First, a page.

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The Echo

The student news site of St. Louis Park High School

The Echo

The student news site of St. Louis Park High School

The Echo

Headlines bring high stress

Rising distrust in single-use plastics
Annika Koch
Soup dumplings in Trader Joes freezer aisle March 24. Items like these have recently been recalled for the presence of plastic in the food.

The interest in microplastics and in studying their effects on the body is expanding, as is the interest in the science behind them. There is growing concern about what happens to the human body when they are consumed. Because of the recent Trader Joe’s recalls of their soup dumplings because of foreign objects (plastics) inside them, there is a spotlight on microplastics and plastic packaging.

According to current research assistant and graduate student at the University of Minnesota Mary Kosuth, plastics are typically synthetic and made of natural gasses like crude oil. She said there are many different types of plastics; one we see often is polyethylene, which might leak chemicals.

“Plastic is made of an artificial polymer typically made of fossil fuels like oil and coal,” said Kosuth. “Some plastics, like polyethylene, use plastic as a polymer, like a scaffolding for chemicals. The chemicals are not necessarily binded to the polymer, and this means that chemicals could be leaking out and contaminating the contents.”

Junior Sophia Mavis said she thinks prepackaged food is dangerous. According to her, if it can harm other organisms in our ecosystems and the habitat we depend on, then what’s to say it can’t have the same effects on us?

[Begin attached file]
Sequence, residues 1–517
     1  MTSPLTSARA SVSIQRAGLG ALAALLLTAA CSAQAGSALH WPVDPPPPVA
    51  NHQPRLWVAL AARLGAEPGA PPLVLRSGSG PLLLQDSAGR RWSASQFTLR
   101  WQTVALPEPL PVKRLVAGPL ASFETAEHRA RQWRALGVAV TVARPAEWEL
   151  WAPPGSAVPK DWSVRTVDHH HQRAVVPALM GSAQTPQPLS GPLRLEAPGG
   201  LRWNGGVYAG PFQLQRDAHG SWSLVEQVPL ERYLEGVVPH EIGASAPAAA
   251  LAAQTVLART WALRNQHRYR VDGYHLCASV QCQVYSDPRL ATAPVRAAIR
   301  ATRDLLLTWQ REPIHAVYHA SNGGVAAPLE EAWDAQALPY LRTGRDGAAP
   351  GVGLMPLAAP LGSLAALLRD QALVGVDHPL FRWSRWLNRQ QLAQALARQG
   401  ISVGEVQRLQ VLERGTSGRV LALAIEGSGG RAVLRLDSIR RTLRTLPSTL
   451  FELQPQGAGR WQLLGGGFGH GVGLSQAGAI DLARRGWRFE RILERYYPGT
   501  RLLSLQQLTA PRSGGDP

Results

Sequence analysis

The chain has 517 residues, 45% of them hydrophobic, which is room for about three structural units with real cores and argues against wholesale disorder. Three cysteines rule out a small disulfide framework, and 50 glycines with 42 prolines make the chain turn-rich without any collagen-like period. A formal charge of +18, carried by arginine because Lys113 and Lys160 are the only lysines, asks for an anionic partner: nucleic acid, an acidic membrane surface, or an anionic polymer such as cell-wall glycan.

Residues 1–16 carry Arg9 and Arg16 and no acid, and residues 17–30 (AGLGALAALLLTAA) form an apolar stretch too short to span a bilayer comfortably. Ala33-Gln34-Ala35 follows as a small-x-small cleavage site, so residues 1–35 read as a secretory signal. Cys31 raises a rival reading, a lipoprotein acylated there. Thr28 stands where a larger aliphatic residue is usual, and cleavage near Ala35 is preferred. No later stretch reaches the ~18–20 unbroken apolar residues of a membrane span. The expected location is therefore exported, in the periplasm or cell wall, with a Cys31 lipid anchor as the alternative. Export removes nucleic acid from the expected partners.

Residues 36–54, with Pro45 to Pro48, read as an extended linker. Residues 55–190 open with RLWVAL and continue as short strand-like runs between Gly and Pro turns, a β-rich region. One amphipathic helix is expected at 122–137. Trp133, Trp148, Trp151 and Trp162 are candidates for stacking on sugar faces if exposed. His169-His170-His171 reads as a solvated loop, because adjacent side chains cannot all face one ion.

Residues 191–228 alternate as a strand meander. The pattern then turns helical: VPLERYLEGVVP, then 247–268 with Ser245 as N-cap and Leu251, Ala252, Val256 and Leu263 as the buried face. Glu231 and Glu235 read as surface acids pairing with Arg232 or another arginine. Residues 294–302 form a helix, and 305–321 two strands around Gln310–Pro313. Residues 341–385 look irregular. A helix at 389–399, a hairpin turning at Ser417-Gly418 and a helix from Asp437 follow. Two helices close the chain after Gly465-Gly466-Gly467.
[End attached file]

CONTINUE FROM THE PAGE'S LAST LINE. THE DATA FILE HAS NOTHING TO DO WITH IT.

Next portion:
“Prepackaged food is really concerning,” said Mavis. “You see pictures of plastic in the ocean and what it does to marine life. It probably isn’t far off of what happens to the human body.”

Junior Abigail Oppegaard said she hopes for an alternative to plastics, anticipating that they will come out soon because there’s a huge interest in the science behind them.

“There’s a lot of interesting scientific developments in terms of bio plastics and such,” said Oppegaard. “I hope it will bring about an alternative to plastic; it’s hard to avoid.”

Kosuth said limiting microplastics is extremely hard. According to her, an individual’s actions hardly limit the amount of microplastics consumed, but avoiding single-use plastics is one of the few solutions that limits the amount of plastic ingested.

“The best way to limit the amount of microplastics that are consumed is not drinking out of plastic water bottles and using single-use plastics,” said Kosuth. “Other than that, it’s everywhere, and it’s almost impossible to avoid through individual behavior.”

According to Oppegaard, in America, almost everything is plastic. She said it’s basically impossible to avoid plastic products unless you have the resources to afford it.

“Unless you have a lot of money, it’s really hard to avoid prepackaged food, especially in America,” said Oppegaard. “Basically everything is packaged in plastic.”

Other than the price, supermarkets around us are not set up to have things packaged without plastic. Mavis said other than produce, the grocery stores don’t cater to the masses looking for non-plastic packaged foods.

“Besides avoiding plastic packaging being expensive to buy, there is very little — expensive or not — in a supermarket that isn’t prepackaged,” said Mavis. “Unless you are a high raw vegan, avoiding everything except produce, it’s pretty much impossible.”

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About the Contributors
Georgia Hughes
Georgia Hughes, Echo Staffer
Hi, my name is Georgia. I’m a junior and this is my first year on Echo. I play on the tennis team here. In my free time I enjoy going to new places, traveling, baking, and hanging out with my friends and family.
Annika Koch
Annika Koch, Echo Staffer
Hi! I’m Annika, this is my first year on Echo, and I’m a junior. In my free time I like to do gymnastics, hang out with my friends, and travel. I’m excited to be on Echo this year!

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